Volcano linked to Indonesia tsunami
The tsunami that killed hundreds of people at Sumatra and Java in Indonesia late on Saturday is a reminder that such destructive waves are not always caused by earthquakes.
This disaster, which struck without warning, appeared to have been caused by volcanic activity.
Anak Krakatau, an active volcano roughly halfway between Java and Sumatra, has been spewing ash and lava for months. It erupted again just after 9pm on Saturday and the tsunami struck around 9.30pm, according to the Meteorology, Climatology and Geophysics Agency.
No earthquakes were recorded before the tsunami struck, the Indonesian authorities said.
The tsunami was caused by “an undersea landslide resulting from volcanic activity on Anak Krakatau” and was exacerbated by abnormally high tide because of the full moon, said Sutopo Purwo Nugroho, spokesperson for the disaster mitigation agency.
Tsunamis are created when large amounts of water — in the ocean, a bay or even a lake — are quickly displaced. In an earthquake, that displacement can occur when the ground moves as a fault breaks.
This was the mechanism by which a 9.1-magnitude earthquake on December 26, 2004, off Aceh Province in northern Indonesia, spawned large waves that travelled across the Indian Ocean and killed 250,000 people.
Many other tsunamis have also followed earthquakes, including those in September that devastated the city of Palu on the Indonesian island of Sulawesi after a 7.5-magnitude quake.
Volcanic activity creates a tsunami differently. One possibility is an explosive eruption, or general weakening of the flanks of a volcano by hot magma passing through. Either way, part of the volcano — perhaps, in the case of Anak Krakatau, a part that is underwater — can collapse, creating a landslide that displaces water.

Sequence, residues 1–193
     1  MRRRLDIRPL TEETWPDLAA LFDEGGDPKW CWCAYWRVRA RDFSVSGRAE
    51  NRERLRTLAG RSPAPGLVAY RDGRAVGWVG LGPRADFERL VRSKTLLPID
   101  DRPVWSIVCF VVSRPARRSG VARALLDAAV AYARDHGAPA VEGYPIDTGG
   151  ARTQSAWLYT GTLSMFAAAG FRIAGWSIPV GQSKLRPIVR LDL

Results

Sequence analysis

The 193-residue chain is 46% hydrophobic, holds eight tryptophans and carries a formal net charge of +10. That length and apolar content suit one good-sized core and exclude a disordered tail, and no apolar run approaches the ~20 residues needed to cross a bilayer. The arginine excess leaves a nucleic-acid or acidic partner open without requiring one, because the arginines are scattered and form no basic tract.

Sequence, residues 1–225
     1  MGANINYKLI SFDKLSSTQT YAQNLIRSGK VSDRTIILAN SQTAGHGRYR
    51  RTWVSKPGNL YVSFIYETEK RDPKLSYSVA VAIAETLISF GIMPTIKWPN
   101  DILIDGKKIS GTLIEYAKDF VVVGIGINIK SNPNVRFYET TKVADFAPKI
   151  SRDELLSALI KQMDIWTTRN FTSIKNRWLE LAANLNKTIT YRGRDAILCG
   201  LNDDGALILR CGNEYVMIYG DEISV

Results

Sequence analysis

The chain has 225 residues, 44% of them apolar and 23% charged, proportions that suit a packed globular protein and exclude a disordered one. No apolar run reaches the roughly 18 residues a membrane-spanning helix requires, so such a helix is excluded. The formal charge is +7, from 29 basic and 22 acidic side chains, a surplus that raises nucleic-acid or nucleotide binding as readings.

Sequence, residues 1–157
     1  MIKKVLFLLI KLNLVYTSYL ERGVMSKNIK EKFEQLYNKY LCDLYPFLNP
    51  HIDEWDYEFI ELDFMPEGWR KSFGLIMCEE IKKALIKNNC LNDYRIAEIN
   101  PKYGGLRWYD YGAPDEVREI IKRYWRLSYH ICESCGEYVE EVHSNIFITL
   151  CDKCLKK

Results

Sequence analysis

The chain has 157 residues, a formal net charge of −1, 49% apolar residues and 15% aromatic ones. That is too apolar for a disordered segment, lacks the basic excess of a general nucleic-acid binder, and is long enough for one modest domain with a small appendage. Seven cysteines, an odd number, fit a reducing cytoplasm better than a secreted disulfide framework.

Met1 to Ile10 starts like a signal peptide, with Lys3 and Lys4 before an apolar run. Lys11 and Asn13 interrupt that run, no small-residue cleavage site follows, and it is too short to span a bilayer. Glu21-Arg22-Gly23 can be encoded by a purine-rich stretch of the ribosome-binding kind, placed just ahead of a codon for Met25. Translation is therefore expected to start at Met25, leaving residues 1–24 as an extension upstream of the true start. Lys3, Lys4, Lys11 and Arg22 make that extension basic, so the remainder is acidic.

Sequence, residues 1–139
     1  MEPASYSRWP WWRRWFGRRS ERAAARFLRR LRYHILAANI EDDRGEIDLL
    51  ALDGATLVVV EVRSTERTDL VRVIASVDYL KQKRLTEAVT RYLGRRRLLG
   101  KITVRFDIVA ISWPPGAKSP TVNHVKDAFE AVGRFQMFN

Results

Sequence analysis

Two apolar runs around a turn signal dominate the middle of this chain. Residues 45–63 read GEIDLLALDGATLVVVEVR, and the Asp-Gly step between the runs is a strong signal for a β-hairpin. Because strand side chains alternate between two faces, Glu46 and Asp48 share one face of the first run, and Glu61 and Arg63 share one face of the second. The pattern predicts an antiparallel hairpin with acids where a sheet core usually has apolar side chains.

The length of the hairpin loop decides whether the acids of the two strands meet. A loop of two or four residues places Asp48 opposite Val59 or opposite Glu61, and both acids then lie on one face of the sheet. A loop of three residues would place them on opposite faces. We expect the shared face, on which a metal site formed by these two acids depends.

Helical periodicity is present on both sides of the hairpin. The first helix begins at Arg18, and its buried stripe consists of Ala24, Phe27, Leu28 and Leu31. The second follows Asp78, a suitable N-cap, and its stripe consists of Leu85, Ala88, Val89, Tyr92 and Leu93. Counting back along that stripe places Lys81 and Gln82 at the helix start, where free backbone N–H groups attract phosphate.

Another possible mechanism is the collapse of a magma chamber below the volcano as it empties during an eruption.
Volcano-related tsunamis are not uncommon. An eruption in 1792 in Japan created waves that were several hundred feet high. Landslides during the 1980 eruption of Mount St. Helens in Washington spawned large waves in a lake nearby.
The eruption of Krakatau, previously known as Krakatoa, in 1883 killed more than 36,000 people in a series of tsunamis.
Anak Krakatau, which means child of Krakatau, is the island that emerged from the area once occupied by Krakatau, which was destroyed in 1883. It first appeared in 1927 and has been growing ever since.
Landslides hitting water can sometimes create huge waves. The largest wave ever recorded was caused by a landslide into Lituya Bay, in southeast Alaska, in July 1958. It followed an earthquake, not an eruption, but created a wave that wiped vegetation off the hillside on the opposite side of the bay.
A United States Geological Survey geologist, measuring the scouring marks, determined that the height of the wave had been more than 1,700 feet.